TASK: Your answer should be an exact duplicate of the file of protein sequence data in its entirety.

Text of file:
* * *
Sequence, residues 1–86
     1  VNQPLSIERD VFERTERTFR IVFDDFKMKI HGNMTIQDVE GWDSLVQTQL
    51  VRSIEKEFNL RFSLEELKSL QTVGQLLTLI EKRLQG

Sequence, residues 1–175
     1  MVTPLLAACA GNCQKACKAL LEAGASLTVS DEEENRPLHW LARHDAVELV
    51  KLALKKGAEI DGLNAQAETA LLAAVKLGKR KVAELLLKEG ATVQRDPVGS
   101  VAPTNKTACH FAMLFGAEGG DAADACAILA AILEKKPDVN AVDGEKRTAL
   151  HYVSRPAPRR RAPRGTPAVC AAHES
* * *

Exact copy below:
Sequence, residues 1–86
     1  VNQPLSIERD VFERTERTFR IVFDDFKMKI HGNMTIQDVE GWDSLVQTQL
    51  VRSIEKEFNL RFSLEELKSL QTVGQLLTLI EKRLQG

Sequence, residues 1–175
     1  MVTPLLAACA GNCQKACKAL LEAGASLTVS DEEENRPLHW LARHDAVELV
    51  KLALKKGAEI DGLNAQAETA LLAAVKLGKR KVAELLLKEG ATVQRDPVGS
   101  VAPTNKTACH FAMLFGAEGG DAADACAILA AILEKKPDVN AVDGEKRTAL
   151  HYVSRPAPRR RAPRGTPAVC AAHES